Thom Browne, New York’s most theatrical and polarizing men’s wear designer, makes his European debut next week, showing his fall collection at the Pitti Immagine Uomo fair in Florence.
As Pitti’s featured guest designer — an honor bestowed on Walter Van Beirendonck, Adam Kimmel and Kris Van Assche in recent seasons — Browne has an opportunity to reach people in the market who perhaps haven’t seen his New York shows and don’t know what he stands for. So for this season he reconsidered the avant-garde antics and perverse, themed spectacles his New York audiences have come to expect.
Like countless women’s wear designers, Browne has a history of including outlandish showpieces that are meant to stir the imagination or set a mood for a runway show without regard for practicality or commercial viability. But this common practice in women’s wear doesn’t go over the same in men’s wear, and sets up Browne’s detractors to dismiss his work as “unwearable” or “a joke.” In defense, Browne’s fans say he delivers a much-needed goosing to American men’s wear, which certainly isn’t often celebrated for provocation or wild creativity.
For his part, the designer always says it is his goal to incite strong responses, favorable or not. Therefore, one might expect him to dial up the absurdity for European audiences, who are known to have a higher tolerance for it. But it wouldn’t be like Browne to do something widely acceptable. He always seeks to upend the status quo. Next Wednesday, the audience will determine whether he succeeded.
“A lot of Europeans don’t know me,” Browne said. “So I wanted to do something very signature. This presentation shows where it all started and what I’m all about.”
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Where it all started is with a gray suit.
Browne left a design job at Club Monaco to open a bespoke tailoring shop in New York’s Meatpacking District. His signature suit, with cropped and tapered pants, arrived on the downtown scene in 2001, and before anyone could sneer, “Where’s the flood?” the hems of the male fashion editors began inching upward, at least until the fabric lost the break at the ankle, and then, maybe higher. In combination with Browne’s extremely square, mid-century, businesslike aesthetic, the creepy new leg subverted not only saggy pants but also America’s wholesome, preppy self-image.
The shrunken, ankle-baring silhouette received an official stamp of approval of sorts when Browne won the CFDA’s Menswear Designer of the Year Award in 2006 — not that the award settled the issue. The men’s industry remains divided over Browne’s merits. In one camp, people still ridicule “Pee Wee Herman pants,” as well as “the wedding dress” and “the chicken suit,” which were memorable showpieces. But in the other camp — the smaller one where people tend to be more fiercely devoted to fashion — Browne is a vanguard. In fact, a small number of men zealously wear the relatively conservative and distinctly tailored clothes from his commercial collections the same way he does — as a tidy uniform. Countless more men have adopted a leaner suit silhouette that was inspired by Browne, though they may not even know it.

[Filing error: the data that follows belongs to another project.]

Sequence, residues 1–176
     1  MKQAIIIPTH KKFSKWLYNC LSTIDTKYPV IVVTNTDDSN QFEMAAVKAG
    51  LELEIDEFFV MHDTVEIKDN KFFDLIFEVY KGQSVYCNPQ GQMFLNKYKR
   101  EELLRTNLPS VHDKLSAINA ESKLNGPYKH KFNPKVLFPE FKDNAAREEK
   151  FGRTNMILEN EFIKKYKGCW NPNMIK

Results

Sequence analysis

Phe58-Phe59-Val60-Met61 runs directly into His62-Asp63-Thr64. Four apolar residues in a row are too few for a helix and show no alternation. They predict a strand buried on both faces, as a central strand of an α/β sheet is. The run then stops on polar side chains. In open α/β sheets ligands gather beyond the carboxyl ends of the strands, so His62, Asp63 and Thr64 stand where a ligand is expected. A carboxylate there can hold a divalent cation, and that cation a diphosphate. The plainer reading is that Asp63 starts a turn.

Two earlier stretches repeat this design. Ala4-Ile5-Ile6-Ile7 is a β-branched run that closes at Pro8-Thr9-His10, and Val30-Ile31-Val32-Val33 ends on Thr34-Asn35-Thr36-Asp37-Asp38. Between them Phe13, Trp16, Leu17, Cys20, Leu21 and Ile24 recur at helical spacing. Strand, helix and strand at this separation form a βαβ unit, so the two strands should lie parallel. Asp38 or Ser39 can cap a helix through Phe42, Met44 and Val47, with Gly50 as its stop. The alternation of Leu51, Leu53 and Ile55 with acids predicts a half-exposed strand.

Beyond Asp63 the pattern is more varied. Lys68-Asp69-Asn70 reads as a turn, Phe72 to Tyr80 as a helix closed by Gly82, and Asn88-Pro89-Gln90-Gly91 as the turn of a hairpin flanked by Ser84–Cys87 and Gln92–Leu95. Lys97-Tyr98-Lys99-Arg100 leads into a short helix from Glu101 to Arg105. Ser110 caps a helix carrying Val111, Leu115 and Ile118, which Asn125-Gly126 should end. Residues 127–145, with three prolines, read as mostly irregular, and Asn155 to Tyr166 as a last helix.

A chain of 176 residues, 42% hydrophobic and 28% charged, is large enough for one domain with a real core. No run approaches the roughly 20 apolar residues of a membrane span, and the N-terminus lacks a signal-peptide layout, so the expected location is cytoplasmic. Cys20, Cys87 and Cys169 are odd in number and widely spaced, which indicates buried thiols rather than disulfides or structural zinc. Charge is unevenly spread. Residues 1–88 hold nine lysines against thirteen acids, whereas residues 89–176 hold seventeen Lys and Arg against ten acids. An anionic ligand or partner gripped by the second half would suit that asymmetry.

What is no longer disputed is Browne’s influence, especially not since he caught the eye of Brooks Brothers. That bastion of American sartorial orthodoxy unexpectedly chose Browne to design its Black Fleece collection in 2007. The clothes are a snugly cut hybrid of Brooks and Browne — traditional fabrics, modern shape — which is not too much of a stretch for a designer who always evidently channeled classic Brooks in his namesake collection. Black Fleece reportedly got off to a rocky start, and the commercial success of the partnership remains unclear, but it created mountains of publicity for both parties, who extended their contract. By then, Browne had also collaborated briefly with jeweler Harry Winston.
Meanwhile, Browne longed to take his show to Europe. Pitti Immagine finally gave him the push he needed.
“The great thing about the Pitti organization is they really encouraged me to do something outside of just a runway show. My shows are pretty out-there anyway, but they encouraged me to do something very different,” he said.
He revealed the show would have no runway and would be strictly choreographed.
“It’s so singularly striking that every single piece has to be perfect for it to work. So we’ve been killing ourselves,” he said of his atelier. The show location will be the assembly hall of the Italian air force academy, the Istituto di Scienze Militari Aeronautiche.
“At first I thought it would be great to cast the cadets, but they declined,” Browne said.
Regardless, he saw the school’s “fascist” architecture as the ideal setting for an exploration of uniformity in men’s business attire. If invoking fascism in Italy seems risky, Browne insists he’s not trying to make a political statement.
“It’s the beauty in the uniformity that I find refreshing. Not having so much choice is what I find refreshing,” he said. Indeed, Browne is personally known for his regimented daily habits, which extend to the gray suits and white button-down oxford shirts he dons every morning. Having rewritten the rules of suiting up, he doesn’t deviate from them.
Later this month, another Browne collaboration, Moncler Gamme Bleu, will launch with a show at Milan Men’s Fashion Week. And Browne’s Pitti presentation will also feature a bit of co-branding: a one-off, Samsonite Black Label briefcase that every model will carry. One objective of all this additional effort is to steer traffic to Browne’s booth at Pitti Uomo, where the full range of his fall collection will be on view. If the space feels militaristic, like a recruitment center, in a way it is one.